Adopting Lentili – our newest family member

In June, one of our Account Managers travelled to Kenya and visited the David Sheldrick Wildlife Trust.

We adopted a baby elephant!

At the heart of the David Sheldrick Wildlife Trust’s conservation activities is the Orphans’ Project, which has achieved world-wide acclaim through its hugely successful elephant and rhino rescue and rehabilitation program. The Orphans’ Project exists to offer hope for the future of Kenya’s threatened elephant and rhino populations as they struggle against the threat of poaching for their ivory and horn, and the loss of habitat due to human population pressures and conflict, deforestation and drought.

To date the David Sheldrick Wildlife Trust has successfully hand-raised over 150 infant elephants and has accomplished its long-term conservation priority by effectively reintegrating orphans back into the wild herds of Tsavo, claiming many healthy wild-born calves from former-orphaned elephants raised in our care.

Here are some of Lentili’s details.  We will be keeping you updated on her progress at the orphanage.

Gender  Female Date of Birth  Saturday, July 07, 2012
Location Found  Ol Lentille Conservancy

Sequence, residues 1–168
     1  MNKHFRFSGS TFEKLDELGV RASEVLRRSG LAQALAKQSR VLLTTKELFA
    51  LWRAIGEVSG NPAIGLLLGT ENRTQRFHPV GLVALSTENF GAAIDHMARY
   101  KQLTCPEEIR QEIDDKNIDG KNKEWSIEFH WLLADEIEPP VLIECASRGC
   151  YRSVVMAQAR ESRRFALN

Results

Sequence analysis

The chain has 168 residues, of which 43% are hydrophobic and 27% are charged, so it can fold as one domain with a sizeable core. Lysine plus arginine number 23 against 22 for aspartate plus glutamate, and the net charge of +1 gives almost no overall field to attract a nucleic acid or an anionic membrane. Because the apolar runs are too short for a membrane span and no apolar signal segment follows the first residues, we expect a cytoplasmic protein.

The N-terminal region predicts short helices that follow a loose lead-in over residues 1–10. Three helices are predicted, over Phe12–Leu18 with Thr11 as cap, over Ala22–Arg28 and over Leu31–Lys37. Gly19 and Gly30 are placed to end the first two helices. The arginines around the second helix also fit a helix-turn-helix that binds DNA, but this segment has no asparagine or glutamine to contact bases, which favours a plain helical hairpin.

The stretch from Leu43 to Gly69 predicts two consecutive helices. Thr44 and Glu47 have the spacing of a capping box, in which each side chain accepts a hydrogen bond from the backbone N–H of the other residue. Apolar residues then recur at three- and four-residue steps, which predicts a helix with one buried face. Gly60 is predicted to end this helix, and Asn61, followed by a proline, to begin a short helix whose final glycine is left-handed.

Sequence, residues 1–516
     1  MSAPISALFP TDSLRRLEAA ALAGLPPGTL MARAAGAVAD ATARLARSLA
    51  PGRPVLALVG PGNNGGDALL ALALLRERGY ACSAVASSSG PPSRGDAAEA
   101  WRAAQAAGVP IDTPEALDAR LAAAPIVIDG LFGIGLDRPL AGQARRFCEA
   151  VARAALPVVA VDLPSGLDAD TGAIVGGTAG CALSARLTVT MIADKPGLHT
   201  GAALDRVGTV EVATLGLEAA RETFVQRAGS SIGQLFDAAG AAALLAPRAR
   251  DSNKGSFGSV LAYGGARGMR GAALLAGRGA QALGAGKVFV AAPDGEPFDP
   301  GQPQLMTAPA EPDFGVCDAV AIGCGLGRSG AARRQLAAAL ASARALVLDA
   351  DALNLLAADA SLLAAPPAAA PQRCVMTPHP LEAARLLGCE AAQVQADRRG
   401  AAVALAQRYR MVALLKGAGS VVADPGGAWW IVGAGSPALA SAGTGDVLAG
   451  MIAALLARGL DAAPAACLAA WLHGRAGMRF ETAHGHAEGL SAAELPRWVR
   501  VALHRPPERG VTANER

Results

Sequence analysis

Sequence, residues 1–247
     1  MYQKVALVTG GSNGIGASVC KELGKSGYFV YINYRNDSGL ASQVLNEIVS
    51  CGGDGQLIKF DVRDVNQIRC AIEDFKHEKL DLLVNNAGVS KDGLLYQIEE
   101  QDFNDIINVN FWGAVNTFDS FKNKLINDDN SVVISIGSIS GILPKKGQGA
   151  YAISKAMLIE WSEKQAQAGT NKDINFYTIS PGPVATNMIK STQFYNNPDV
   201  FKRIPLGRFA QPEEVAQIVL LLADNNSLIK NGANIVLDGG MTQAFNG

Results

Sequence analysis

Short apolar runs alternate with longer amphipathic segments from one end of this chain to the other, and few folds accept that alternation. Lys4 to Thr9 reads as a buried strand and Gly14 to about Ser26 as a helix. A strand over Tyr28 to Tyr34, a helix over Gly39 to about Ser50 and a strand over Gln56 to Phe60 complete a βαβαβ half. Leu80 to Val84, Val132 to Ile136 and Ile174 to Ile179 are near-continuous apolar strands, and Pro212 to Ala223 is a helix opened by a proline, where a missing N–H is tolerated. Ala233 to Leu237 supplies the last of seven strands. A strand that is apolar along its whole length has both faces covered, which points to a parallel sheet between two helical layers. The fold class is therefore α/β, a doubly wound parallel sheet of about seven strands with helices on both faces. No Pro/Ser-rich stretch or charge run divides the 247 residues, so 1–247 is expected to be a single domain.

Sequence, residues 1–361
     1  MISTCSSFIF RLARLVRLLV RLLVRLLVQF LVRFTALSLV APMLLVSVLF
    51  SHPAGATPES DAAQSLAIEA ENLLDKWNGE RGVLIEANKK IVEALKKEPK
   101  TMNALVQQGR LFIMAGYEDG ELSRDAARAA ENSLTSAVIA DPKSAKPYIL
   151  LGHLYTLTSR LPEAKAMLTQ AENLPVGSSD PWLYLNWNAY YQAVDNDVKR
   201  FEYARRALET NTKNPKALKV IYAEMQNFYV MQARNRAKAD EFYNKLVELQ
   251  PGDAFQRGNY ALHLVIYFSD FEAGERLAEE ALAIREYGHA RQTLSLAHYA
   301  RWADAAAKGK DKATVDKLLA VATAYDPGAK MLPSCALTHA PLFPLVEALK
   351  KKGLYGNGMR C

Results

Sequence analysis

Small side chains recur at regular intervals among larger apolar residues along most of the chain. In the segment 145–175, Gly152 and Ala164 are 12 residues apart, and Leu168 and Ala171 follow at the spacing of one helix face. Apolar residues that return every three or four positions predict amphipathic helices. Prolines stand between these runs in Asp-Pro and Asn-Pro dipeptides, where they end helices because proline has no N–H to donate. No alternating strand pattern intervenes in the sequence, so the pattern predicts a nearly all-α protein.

Age on Arrival  18 months old
Comments on Place Found  Found on her own with no other elephants in sight
Reason for being Orphaned  Reason Unknown

On October 5th Ol Lentille Rangers on routine patrol sighted an abandoned baby elephant calf, estimated to be 18 months old. There were no other elephants in the area, and the fate of her mother remained unclear. The Rangers were posted on 24 hour follow-and-observe duty.

Update of Lentili’s progress
Most of the orphan females show this to varying degrees, all that is except little Lentili. Poor Lentili seems to lack any maternal instincts and has absolutely no concern for the younger more vulnerable elephants. She doesn’t like the little babies suckling on her ears and has no patience for their clumsiness or playful behavior. She rarely plays with the babies or lets them climb on her for fun like so many of the other older elephants do. She will even resort to giving them a hard push if they bump into her which quickly alerts Arruba who will rush to protect them from grumpy Lentili. No doubtLentili will develop a maternal nature and will one day take care of her own wild born babies, but for now she is quite happy being a baby herself and is in no hurry to grow up!Arruba, however, is quite the opposite of Lentili and has taken it upon herself to watch over the youngest babies. She is always quick to come to their aid, whether protecting them from a pushy elephant or from troublesome warthogs.
It seems that Lentili is pretty independent and not very social at the moment.  Hopefully her time at the orphanage will help her with the social issues.
If your organisation or if you are interested in adopting please visit